Baby, it’s cold outside. But compared with some other places — the Arctic, Alaska — the Salish Sea has a fairly balmy winter. So balmy that many thousands of birds migrate here to spend winters in relative comfort. It’s still cold, but birds have adapted and evolved to help them survive our winters.

On average, a bird’s body temperature is 104°, so they’re even more vulnerable to cold than we are. Probably their biggest adaptation is an innate knowledge that if they fly south, it’ll be more comfortable. And there are other physical adaptions to get them to spring. Most birds have the ability to control each one of those thousands of feathers individually — so they can fluff their feathers up to trap warm air between feathers and skin, creating a down coat. You may have seen birds ‘fluffing up’ this time of year in periodic motions.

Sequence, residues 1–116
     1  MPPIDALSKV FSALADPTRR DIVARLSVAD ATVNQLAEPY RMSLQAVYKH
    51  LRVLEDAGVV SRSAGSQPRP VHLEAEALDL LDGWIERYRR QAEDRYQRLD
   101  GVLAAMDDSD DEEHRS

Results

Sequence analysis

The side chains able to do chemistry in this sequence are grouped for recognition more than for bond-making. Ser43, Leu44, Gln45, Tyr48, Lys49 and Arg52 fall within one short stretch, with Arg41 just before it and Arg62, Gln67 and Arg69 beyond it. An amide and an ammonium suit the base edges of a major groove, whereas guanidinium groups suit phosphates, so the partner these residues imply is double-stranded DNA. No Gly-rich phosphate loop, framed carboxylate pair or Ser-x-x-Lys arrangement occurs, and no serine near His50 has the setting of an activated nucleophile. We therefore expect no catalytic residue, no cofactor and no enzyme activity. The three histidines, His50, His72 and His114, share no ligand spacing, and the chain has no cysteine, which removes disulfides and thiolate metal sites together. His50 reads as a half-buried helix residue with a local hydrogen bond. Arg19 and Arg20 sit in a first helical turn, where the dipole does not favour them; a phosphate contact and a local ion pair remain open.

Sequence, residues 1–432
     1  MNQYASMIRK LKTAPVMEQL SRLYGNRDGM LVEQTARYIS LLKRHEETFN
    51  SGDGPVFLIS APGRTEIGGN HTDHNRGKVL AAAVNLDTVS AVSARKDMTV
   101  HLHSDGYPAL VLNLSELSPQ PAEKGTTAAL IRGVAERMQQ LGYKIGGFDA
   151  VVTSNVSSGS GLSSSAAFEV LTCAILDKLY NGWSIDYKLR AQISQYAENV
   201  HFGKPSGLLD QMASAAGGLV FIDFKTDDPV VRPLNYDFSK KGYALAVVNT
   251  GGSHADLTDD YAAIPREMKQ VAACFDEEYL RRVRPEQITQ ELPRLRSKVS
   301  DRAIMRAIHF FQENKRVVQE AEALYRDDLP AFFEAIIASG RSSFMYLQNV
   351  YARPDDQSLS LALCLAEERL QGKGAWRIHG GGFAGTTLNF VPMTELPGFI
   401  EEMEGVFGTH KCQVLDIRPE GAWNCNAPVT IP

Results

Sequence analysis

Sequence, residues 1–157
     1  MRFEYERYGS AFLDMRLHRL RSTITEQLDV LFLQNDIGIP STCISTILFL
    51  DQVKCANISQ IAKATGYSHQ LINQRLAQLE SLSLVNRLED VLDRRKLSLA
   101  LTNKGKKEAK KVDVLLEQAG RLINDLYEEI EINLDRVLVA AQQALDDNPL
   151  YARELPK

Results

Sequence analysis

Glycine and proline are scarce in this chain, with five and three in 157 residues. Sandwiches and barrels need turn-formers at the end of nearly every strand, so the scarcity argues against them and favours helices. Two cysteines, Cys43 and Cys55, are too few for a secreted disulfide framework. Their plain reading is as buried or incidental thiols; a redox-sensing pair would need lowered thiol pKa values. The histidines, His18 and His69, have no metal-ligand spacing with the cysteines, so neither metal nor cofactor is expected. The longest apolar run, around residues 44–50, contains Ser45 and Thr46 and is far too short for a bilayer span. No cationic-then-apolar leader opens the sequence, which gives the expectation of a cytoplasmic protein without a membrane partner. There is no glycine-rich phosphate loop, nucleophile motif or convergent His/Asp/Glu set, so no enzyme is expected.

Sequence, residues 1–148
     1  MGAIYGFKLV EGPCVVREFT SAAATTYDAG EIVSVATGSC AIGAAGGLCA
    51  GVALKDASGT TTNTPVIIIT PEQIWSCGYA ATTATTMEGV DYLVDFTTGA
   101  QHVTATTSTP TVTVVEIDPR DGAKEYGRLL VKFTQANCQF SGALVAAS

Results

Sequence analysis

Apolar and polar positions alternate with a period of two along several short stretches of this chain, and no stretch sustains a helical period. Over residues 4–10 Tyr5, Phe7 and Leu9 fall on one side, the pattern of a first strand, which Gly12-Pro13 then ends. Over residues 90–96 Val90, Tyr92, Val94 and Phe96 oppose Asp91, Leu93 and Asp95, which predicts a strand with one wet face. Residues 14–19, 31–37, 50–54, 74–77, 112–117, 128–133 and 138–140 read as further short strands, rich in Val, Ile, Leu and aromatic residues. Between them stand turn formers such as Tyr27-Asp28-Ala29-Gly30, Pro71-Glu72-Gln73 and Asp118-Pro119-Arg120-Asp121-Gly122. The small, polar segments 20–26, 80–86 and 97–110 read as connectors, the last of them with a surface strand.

Most birds also have feet and legs that aren’t as warm-blooded as their bodies. Instead, those parts are mostly bones and skin, so less heat is required than to warm fatty tissues. Legs and feet also have an intricate network of unusual intertwined blood vessels that is a built-in heat transfer system. This creates a counter-current of warm blood passing by the cold returning blood, a heat exchange system that keeps the heat in their bodies’ core instead of trying to keep external parts warm, too. When the cold blood from feet, now somewhat pre-warmed arrives in the core, it’s already back up to nearly body temperature. Other methods: when birds sleep, their bills get tucked under feathers to keep that part warm, but also to inhale warmer air into their lungs, again saving the effort to keep their body core warm. Think of it as a down muff. Take a moment on that cold winter morning marina walk and watch these guys. See any ‘fluffing’ going on?